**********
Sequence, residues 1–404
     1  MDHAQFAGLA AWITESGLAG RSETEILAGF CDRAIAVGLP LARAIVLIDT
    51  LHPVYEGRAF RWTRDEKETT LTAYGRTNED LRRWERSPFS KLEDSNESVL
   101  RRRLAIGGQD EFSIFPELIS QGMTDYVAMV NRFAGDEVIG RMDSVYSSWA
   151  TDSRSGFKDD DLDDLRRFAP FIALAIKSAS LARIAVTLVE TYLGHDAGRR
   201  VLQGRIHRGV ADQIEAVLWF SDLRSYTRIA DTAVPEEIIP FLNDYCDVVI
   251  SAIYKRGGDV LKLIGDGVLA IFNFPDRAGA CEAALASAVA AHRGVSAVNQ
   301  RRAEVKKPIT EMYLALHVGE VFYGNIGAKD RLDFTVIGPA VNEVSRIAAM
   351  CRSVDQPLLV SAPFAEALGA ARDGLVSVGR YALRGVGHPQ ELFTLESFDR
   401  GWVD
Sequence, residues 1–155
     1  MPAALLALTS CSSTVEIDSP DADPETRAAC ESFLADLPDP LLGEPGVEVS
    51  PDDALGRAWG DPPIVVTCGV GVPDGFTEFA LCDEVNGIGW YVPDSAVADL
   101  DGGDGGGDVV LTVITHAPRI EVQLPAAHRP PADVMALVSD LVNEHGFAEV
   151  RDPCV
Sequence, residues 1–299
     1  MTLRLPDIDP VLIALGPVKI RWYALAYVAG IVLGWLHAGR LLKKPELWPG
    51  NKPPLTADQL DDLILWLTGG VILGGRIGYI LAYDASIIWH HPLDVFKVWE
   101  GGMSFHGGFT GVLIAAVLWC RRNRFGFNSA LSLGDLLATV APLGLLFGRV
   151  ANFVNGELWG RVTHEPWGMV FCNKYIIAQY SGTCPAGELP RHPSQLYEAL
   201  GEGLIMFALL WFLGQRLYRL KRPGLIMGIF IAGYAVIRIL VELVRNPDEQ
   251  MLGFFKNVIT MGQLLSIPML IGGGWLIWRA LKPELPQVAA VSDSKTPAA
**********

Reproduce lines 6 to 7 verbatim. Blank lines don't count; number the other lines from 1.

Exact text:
   201  VLQGRIHRGV ADQIEAVLWF SDLRSYTRIA DTAVPEEIIP FLNDYCDVVI
   251  SAIYKRGGDV LKLIGDGVLA IFNFPDRAGA CEAALASAVA AHRGVSAVNQ